Why are Sydney train workers still on strike and is an end in sight?

Sydney commuters are facing more disrupted rail services as a result of an industrial dispute over new trains

Sydney commuters are experiencing another day of disrupted train services with more industrial action being taken by the rail union on Thursday.

The planned action went ahead after a last-minute bid to stop it by the state government failed.

We’ve taken a look at how we got here and where to next.


So, what’s happening?

The Rail, Tram and Bus Union (RTBU) is targeting Redfern and the City Circle line with industrial action on Thursday. It includes major stations like Central, Town Hall and Wynyard.

Officially running from 10am to 4pm, the action will see services reduced to a weekend schedule, which is likely to affect the broader network throughout the day.

The action is the second this week, part of a long-running dispute dating back two years which has seen a series of industrial actions take place, beginning in September of 2021.

Why are rail workers still striking?

The long-running standoff between the RTBU and the government is about a new Korean-built fleet of intercity trains – not yet in service – that the union says is unsafe and needs to be modified.

The trains were designed to be operated by drivers who can monitor the platform with CCTV – a feature the union claims is a risk because drivers would not be able to see if someone had fallen between the train and the platform.

In June, the government announced it was willing to modify the trains to accommodate the union’s wishes, but demanded a new enterprise agreement with rail workers be agreed to at the same time.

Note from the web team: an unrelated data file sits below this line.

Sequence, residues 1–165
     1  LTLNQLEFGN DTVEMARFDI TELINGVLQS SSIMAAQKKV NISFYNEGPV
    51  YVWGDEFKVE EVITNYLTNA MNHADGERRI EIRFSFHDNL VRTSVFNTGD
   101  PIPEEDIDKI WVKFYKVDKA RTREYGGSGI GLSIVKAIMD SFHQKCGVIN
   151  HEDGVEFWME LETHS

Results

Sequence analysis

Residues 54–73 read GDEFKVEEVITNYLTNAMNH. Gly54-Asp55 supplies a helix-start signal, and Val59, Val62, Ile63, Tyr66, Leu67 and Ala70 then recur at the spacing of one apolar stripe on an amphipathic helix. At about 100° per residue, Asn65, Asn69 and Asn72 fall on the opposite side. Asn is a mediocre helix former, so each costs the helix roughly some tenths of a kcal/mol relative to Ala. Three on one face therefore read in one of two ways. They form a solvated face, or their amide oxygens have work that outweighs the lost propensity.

The union has said the decisions should be staged.

Where are negotiations at?

After months of back and forth, the government on Wednesday afternoon sent a new deed to the union and agreed to make changes to get the mothballed fleet on the tracks.

“We call on the union today to execute that document and to call off the industrial activity, which has inconvenienced the people and commuters of this state,” the NSW employee relations minister, Damien Tudehope, said on Wednesday.

However, the union said it would take at least 48 hours to review the new deal and it was disingenuous of the government to expect otherwise.

Speaking at a CBD train station on Thursday morning, the RTBU’s secretary, Alex Claassens, expressed disappointment in the way Tudehope conducted himself.

“Ten minutes before he does his press conference, he sends me the deed and then has the hide to stand up there and say we should immediately cancel our industrial action. That was never going to happen.”

So, is there any end to this in sight?

Yes … maybe. The union and the government met on Thursday morning to discuss the deed and next steps.

Claassens has said the new agreement looked “doable” and he could see a situation where he would call off further action and announce a deal had been struck as early as tomorrow, if members agreed.

“I’m either probably going to come out sometime on Friday and have some good news around the deed, or alternatively I’ll be out there on Monday morning doing a usual press conference and letting people know that Wednesday’s [planned action is] happening,” he said.

“Hopefully, we can all get on with life.”


Tamsin Rose

The GuardianTramp

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